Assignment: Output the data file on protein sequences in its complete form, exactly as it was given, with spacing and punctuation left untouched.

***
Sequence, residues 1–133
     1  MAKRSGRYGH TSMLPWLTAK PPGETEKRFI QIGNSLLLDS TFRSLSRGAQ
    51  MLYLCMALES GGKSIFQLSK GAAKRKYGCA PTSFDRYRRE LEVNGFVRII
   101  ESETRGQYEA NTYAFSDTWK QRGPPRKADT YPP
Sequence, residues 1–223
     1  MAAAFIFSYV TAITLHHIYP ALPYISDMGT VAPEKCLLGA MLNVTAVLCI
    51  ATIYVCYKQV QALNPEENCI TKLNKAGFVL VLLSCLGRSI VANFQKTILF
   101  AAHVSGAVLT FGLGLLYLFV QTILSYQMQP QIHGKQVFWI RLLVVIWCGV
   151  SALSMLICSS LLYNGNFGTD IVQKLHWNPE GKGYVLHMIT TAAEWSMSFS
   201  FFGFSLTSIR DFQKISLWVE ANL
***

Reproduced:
Sequence, residues 1–133
     1  MAKRSGRYGH TSMLPWLTAK PPGETEKRFI QIGNSLLLDS TFRSLSRGAQ
    51  MLYLCMALES GGKSIFQLSK GAAKRKYGCA PTSFDRYRRE LEVNGFVRII
   101  ESETRGQYEA NTYAFSDTWK QRGPPRKADT YPP
Sequence, residues 1–223
     1  MAAAFIFSYV TAITLHHIYP ALPYISDMGT VAPEKCLLGA MLNVTAVLCI
    51  ATIYVCYKQV QALNPEENCI TKLNKAGFVL VLLSCLGRSI VANFQKTILF
   101  AAHVSGAVLT FGLGLLYLFV QTILSYQMQP QIHGKQVFWI RLLVVIWCGV
   151  SALSMLICSS LLYNGNFGTD IVQKLHWNPE GKGYVLHMIT TAAEWSMSFS
   201  FFGFSLTSIR DFQKISLWVE ANL